3.3 Laboratory findings

3.3.1 Effects of apples or apple polyphenols on blood lipids

Among the included studies, eight [21, 22, 23, 24, 25, 26, 27, 28] tested the TC levels in 277 participants who consumed apples or apple polyphenols and 258 control participants. The results showed no significant difference in TC levels between the two groups (SMD = 0.12, 95% CI [–0.06, 0.29], p = 0.1858, I2 = 0%, fixed-effects model). Subgroup analysis [30] was conducted for the apple and apple polyphenol groups. Compared with the control group, neither of the intervention subgroups showed significantly reduced TC levels, as shown in Fig. 3.

Fig. 3.

Fig. 3.   Forest plots of the meta-analysis on the effects of apple or apple polyphenol intake on blood lipid levels. No significant difference in total cholesterol (TC) levels was observed between the experimental and control groups.


Eight studies [20, 21, 22, 23, 24, 26, 27, 28] tested the TG levels in 277 participants who consumed apples or apple polyphenols and 258 control participants. The results showed no significant difference in the TG levels between the two groups (SMD = 0.14, 95% CI [–0.03, 0.31], p = 0.1023, I2 = 0%, fixed-effects model). Subgroup analysis was conducted for the apple and apple polyphenol groups. Compared with the control group, neither of the intervention subgroups showed significantly reduced TG levels, as shown in Fig. 4.

Fig. 4.

Fig. 4.   Forest plots of the meta-analysis on the effects of apple or apple polyphenol intake on triglyceride (TG) levels. No significant difference in TG levels was observed between the experimental and control groups.


Nine studies [20, 21, 22, 23, 24, 26, 27, 28, 29] tested the LDL-cholesterol (LDL-C) levels in 301 participants who consumed apples or apple polyphenols and 282 control participants. The results showed no significant difference in LDL-C levels between the two groups (SMD = 0.14, 95% CI [–0.02, 0.31], p = 0.1023, I2 = 3%, fixed-effects model). Subgroup analysis was conducted for the apple and apple polyphenol groups. Compared with the control group, neither of the intervention subgroups showed significantly reduced LDL-C levels, as shown in Fig. 5.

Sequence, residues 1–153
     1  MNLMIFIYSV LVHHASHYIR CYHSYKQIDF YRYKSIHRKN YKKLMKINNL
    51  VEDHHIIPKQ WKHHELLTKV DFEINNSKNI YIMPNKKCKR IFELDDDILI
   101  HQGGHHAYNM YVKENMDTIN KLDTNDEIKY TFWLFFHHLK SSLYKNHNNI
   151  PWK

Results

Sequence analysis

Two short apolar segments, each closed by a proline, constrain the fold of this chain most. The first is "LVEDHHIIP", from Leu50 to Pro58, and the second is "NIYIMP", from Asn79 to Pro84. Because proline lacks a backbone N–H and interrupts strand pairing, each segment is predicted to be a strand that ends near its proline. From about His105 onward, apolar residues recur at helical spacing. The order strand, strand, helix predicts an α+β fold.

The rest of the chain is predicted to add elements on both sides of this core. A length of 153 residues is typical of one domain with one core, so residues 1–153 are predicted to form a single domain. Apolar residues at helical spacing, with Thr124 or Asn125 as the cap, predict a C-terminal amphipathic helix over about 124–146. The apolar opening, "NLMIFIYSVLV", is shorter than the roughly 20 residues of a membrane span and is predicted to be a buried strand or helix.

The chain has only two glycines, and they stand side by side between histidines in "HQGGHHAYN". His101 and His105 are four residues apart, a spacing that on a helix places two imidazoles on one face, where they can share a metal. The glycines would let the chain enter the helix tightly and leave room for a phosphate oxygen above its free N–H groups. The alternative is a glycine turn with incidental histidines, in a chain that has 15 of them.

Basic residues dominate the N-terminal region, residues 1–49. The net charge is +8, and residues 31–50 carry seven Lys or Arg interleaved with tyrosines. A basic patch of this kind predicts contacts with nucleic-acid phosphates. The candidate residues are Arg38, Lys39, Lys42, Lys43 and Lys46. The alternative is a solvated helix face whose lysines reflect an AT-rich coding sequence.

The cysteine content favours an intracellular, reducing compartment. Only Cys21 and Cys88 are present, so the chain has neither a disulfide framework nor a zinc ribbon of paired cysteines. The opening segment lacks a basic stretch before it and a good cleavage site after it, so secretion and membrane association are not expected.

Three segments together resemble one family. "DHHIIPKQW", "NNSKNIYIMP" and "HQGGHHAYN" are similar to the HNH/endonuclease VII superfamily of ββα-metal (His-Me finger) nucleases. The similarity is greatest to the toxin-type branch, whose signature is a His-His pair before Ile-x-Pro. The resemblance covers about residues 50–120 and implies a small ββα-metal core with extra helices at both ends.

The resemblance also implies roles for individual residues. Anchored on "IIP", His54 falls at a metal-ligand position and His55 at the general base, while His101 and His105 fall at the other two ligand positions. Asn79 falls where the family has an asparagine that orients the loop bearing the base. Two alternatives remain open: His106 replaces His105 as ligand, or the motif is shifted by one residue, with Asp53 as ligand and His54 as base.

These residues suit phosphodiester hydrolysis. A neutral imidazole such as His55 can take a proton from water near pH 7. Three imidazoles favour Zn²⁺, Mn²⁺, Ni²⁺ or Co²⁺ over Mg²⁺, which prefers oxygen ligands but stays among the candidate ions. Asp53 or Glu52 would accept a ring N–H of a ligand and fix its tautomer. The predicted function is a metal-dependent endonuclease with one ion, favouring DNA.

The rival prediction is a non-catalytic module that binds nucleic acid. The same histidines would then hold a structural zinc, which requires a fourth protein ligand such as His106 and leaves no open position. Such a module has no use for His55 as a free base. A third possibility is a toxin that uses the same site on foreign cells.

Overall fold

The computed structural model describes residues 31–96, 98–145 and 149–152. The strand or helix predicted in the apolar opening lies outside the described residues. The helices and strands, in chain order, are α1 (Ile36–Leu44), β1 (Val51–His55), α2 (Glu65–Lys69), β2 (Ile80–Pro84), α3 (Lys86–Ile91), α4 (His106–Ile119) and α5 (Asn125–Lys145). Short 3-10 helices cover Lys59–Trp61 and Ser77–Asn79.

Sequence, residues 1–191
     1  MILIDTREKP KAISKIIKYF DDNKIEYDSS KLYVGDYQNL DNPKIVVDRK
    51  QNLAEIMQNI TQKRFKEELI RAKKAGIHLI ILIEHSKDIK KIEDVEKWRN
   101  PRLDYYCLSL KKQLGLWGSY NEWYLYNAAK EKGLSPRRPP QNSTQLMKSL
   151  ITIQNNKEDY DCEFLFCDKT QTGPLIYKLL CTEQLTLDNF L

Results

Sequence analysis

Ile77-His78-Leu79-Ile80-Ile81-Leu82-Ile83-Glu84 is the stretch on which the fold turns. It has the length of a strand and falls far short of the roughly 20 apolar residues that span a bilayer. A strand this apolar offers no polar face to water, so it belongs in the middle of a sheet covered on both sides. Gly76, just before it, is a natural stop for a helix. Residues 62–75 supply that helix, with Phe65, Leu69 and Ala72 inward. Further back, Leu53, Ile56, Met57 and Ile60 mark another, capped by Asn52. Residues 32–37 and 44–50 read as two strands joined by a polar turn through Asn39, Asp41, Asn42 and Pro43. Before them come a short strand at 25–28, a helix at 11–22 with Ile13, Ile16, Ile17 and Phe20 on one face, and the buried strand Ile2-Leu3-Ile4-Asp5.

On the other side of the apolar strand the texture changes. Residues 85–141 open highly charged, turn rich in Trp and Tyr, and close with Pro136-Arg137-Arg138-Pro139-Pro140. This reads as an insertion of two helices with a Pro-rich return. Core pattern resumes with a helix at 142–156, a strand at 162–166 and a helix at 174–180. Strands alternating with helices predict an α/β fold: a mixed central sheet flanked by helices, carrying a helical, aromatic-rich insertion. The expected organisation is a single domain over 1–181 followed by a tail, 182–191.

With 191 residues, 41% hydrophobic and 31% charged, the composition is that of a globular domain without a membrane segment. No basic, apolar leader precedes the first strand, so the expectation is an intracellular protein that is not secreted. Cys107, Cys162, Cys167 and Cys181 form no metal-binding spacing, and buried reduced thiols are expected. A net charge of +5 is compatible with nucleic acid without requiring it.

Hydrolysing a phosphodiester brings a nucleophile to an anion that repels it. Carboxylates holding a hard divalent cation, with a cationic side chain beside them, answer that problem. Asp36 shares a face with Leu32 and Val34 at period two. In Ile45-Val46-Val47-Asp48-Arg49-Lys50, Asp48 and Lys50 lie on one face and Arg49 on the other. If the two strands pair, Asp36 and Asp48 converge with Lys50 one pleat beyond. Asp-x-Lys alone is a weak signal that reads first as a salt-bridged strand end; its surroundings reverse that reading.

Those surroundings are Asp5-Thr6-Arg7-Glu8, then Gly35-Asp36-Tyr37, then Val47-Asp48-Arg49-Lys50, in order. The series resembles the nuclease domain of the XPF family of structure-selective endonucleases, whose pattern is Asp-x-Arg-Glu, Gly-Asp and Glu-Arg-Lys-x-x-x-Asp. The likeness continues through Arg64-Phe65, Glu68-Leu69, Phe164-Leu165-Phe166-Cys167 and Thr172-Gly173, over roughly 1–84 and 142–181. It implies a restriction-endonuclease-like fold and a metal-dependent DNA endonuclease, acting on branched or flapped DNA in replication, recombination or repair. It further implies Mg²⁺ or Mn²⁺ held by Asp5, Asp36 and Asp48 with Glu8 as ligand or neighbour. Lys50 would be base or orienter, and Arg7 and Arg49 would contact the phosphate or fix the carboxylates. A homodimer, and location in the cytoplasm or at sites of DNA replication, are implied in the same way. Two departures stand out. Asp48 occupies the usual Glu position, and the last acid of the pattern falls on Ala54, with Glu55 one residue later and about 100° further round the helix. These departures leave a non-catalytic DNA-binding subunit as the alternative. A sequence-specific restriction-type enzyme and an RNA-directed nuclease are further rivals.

Fig. 5.

Fig. 5.   Forest plots of the meta-analysis on the effects of apple or apple polyphenol intake on low-density lipoprotein cholesterol (LDL-C) levels. No significant difference in LDL-C levels was observed between the experimental and control groups.


Ten studies [20, 21, 22, 23, 24, 25, 26, 27, 28, 29] tested the HDL-C levels in 346 participants who consumed apples or apple polyphenols and 337 control participants. Compared with the control group, the group that consumed apples or apple polyphenols showed significantly increased HDL-C levels (SMD = 0.34, 95% CI [0.01, 0.67], p = 0.0411, I2 = 77%, random-effects model). Subgroup analysis was conducted for the apple and apple polyphenol groups. Compared with the control group, the subgroup that consumed apples showed significantly increased HDL-C levels (SMD = 0.91, 95% CI [0.48, 1.34], I2 = 56%, random-effects model). However, there was no significant difference in HDL-C levels in the subgroup that consumed apple polyphenols (SMD = 0.01, 95% CI [–0.18, 0.19], I2 = 0%, fixed-effects model), as shown in Fig. 6. We conducted a sensitivity analysis of these two groups to assess the stability of the meta-analysis. When any single study was removed, the relevant pooled SMDs did not radically change. This indicates the stability of the meta-analysis, as shown in Fig. 7.

Fig. 6.

Fig. 6.   Forest plots of the meta-analysis on the effects of apple or apple polyphenol intake on high-density lipoprotein cholesterol (HDL-C) levels. Compared with the control group, participants who consumed apples or apple polyphenols showed significantly increased HDL-C levels.


Fig. 7.

Fig. 7.   Forest plots of the sensitivity analysis on the effects of apple or apple polyphenol intake on high-density lipoprotein cholesterol (HDL-C) levels. The sensitivity analysis suggested the stability of the meta-analysis.


3.3.2 Effects of apples or apple polyphenols on blood pressure